Service learning through the performing arts
There’s nothing in the world more exhilarating, more rewarding, more inching towards God’s grace than being in the flow of one’s giftedness. More or less, the place where your natural talents take you define the work one was born to do. It’s that period of time when you enjoy a full meaningful experience, having been so blessed to have had a gift, having had the presence of mind to develop it to the fullest, and having now the opportunity to share it. Amen!
Conversely, when people miss their true calling, they are never truly themselves, nor truly fulfilled having missed the compass to their true destination. As the good book asks: “Is not the life more than meat, and the body than raiment?” [Matthew 6:25].
It’s been said that the actualised person is the one who – even at the point of death – has no regrets, having emptied out themselves and exhausted their talents on the trajectory of their lives’ mission, with the sole purpose: to enrich other people’s lives.
Service learning through community projects
One of the most sophisticated forms of education takes place through service learning where the youth are encouraged to explore their broad interests and grow their natural talents in the process. The rewarding aspects of it are directly related to community projects where one’s rights and responsibilities are highlighted through a key learning profile in what the International Baccalaureate (IB) curriculum – for example – defines as Creativity, Activity, Service (CAS).
Educators must now recognize that in the 21st century, regeneration of society involved “meaningful action and purposeful engagement” between “the individual and the local community” to make a difference so as to make the world better a better place than when we found it. Action and engagement – to give of one’s self for the benefit of the larger society – are at the heart of what it means to be human.
The performing arts
Among other feats, Tema International School (TIS) has progressively made a name for itself with its yearly capstone projects in the genre of drama to raise awareness and money to continue the school’s community projects, enriching the lives of underserved and needy children.
In celebrating its 15th year, TIS crowned the anniversary with the staging of the musical, Beauty and the Beast, promoting the theme, “There is beauty in every beast”, at the National Theater, Accra, 23rd November, 2018.
Within the past years, the school staged Ama Ata Aidoo’s Dilemma of a Ghost; Tim Rice’s musical, Joseph and the Amazing Technicolour Dreamboat; Mrs Acheampong’s comedy, Dormitory C – The Inspection; the Broadway musical, The Lion King; James Ene Henshaw’s This is our Chance”; Miriam Makeba’s musical, Sarafina; the evolution of music titled, Evolution – A Tale of Fragmented Sounds; and Ben Abdulah’s The Slaves.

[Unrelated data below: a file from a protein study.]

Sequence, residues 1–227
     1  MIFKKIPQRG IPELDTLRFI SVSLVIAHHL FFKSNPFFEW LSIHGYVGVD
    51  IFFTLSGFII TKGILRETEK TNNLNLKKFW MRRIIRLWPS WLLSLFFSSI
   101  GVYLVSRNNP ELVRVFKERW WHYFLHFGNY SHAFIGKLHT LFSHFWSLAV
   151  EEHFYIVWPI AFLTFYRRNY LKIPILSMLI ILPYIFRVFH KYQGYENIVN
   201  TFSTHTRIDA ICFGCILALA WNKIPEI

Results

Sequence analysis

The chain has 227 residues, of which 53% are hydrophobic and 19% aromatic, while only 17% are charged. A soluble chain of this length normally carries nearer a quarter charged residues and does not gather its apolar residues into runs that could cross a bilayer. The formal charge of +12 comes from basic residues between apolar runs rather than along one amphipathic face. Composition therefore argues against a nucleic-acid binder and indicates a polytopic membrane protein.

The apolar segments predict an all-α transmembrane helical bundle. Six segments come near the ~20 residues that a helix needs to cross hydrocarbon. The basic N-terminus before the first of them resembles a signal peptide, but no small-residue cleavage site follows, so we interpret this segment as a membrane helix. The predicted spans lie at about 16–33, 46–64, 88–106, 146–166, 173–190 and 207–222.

In terms of developing individuals’ talents, the school plays – for example – support both the students and teachers to live a life reflecting a core value through the following adage: “Surround yourself with people who push you to do and be better, promoting higher goals and higher motivation, good times and positive energy. No jealousy or hate. Simply bringing out the best in each other.”
Reflecting on the play, the drama teacher and the director, Alfred Elikem Kunutsor, said, “Beauty and the Beast is a call for us to look beyond what we see at face value. TIS is the home where equal opportunities are given to our students to unearth what is hidden within them. We look beyond what we see to nurture the full potential of each learner in making them lifelong learners.”
The co-founder of the school, Mrs Comfort Adjavon noted, “Over the years, we have learnt, we have improved. We have accepted our challenges, embraced them and made them stepping stones to greatness.” The principal, Dr Ken Darvall, reflected, “The time, effort, commitment, enthusiasm and creativity over the past seven months ensure a talented performance is evident throughout.”
A star is born
In any play, we note several things: Notably, does the play continue to hold your interest? Do the actions become more and more stimulating? Are you anxious to follow it to the end? Do the characters continue to remain exciting? Has the theme become clear? Do you wish the play to never end?
For me, perched and enthralled on the front row seat at the theatre – in the glorious company of a key TIS board member, Dr (Mrs) Sylvia Boye – my responses to all the questions were “Yes”. Playing the character of Lumiere, Christal Perdison, for one, shone as brilliantly as the star she was becoming. From the beginning when she uttered the words, “This is the girl”, the spotlight never left her and neither did the enthusiasm that followed her throughout the play.
Besides the natural grace that enhanced her acting so superbly, her agile dance moves could add a tweak or two to enrich Beyoncé and Jay Z for a splendid Hollywood performance. The 11 grader, Christal, gave a most plausible meaning to the biblical words: “Let your light so shine before men, that they may see your good works, and glorify your Father who is in heaven” [Matthew 5:16]. The young performer is marked for greatness. Amen!
[The author is a trainer of teachers, a leadership coach, a motivational speaker, and quality education advocate.]